ARTICLE | doi:10.20944/preprints201711.0178.v1
Subject: Arts And Humanities, Art Keywords: art history; Nordic countries; life reform movement; Ellen Key; 19th Century; 20th Century
Online: 28 November 2017 (05:29:23 CET)
In the second half of the 19th century a wave of modernisation, industrialisation and urbanisation swept the Nordic countries, catapulting what had until then been lagging and primarily rural countries into modernity. These major upheavals, however, also plunged the Nordic countries into a profound social and cultural crisis resulting from their consciousness of their own backwardness vis-a-vis the countries on the European continent, as well as the recognition that a nostalgic nationalism recalling a mythical past had become obsolete in the industrial age. In response to this crisis, a life reform movement emerged that was based on Arts and Crafts movements as well as various artistic and literary reform movements and—equally absorbing rural traditions and progressive social ideas—tried to establish a new national everyday culture. In this article, the two key terms coined by Ellen Key, “Festive Customs” (‘festvanor’) and “Everyday Beauty” (‘vardagsskönhet’)—the programmatic core of the Nordic life reform movement—are analysed and illustrated in various typical manifestations. It also examines to what extent the Nordic life reform movement with these two key concepts as its core agenda found expression in arts and crafts, in painting as well as in the architecture of the late nineteenth and early twentieth century and contributed to the progress of social and cultural renewal.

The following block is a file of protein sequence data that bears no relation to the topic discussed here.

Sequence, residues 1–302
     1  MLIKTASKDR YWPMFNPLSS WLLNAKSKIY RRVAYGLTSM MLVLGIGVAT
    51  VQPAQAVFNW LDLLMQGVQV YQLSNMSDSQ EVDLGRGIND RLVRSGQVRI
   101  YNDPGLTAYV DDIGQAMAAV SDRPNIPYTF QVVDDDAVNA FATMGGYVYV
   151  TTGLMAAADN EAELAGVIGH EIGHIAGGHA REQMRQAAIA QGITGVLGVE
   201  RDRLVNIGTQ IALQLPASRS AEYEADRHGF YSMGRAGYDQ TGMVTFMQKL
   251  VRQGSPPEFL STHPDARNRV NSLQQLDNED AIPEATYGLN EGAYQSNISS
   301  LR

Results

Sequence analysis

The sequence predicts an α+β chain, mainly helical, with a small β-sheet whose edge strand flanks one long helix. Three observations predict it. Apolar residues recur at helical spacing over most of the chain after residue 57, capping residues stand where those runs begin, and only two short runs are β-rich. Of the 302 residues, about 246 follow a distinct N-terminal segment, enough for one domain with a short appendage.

ARTICLE | doi:10.20944/preprints202102.0023.v1
Subject: Biology And Life Sciences, Food Science And Technology Keywords: Depression; Major depressive disorder; Diet; Nutrition; Randomized controlled trial, Randomized controlled pilot trial; Healthy Nordic diet; Mental health; Palatability; Food liking
Online: 1 February 2021 (12:31:47 CET)
Healthy diet interventions have been shown to improve depressive symptoms, but there is a need for randomized controlled trials (RCTs) that are double-blind and investigate biological mechanisms. The primary objectives of this randomized controlled pilot trial were to test the palatability of the meals and acceptability of the intervention in preparation for a future 8-week RCT which will investigate whether a healthy Nordic diet improves depressive symptoms in individuals with major depressive disorder, and associated biological mechanisms. Depressed (n=10) and non-depressed (n=6) women and men were randomized to receive either a healthy Nordic diet (ND) or a control diet (CD) for 8 days. Participants were blinded to diet allocation and study hypotheses. Health questionnaires were completed before and after the intervention, and, throughout the study, questionnaires assessed ratings of liking and sensory properties of the meals, adherence, and open-ended feedback. In the ND group, 75% of participants consumed no non-study foods, compared to 50% of CD participants. The meals of both diets, on average, received good ratings for liking and sensory properties, though the ND ratings were somewhat higher. Overall, results were positive and informative, indicating that the planned RCT will be feasible and well-accepted, with some proposed modifications.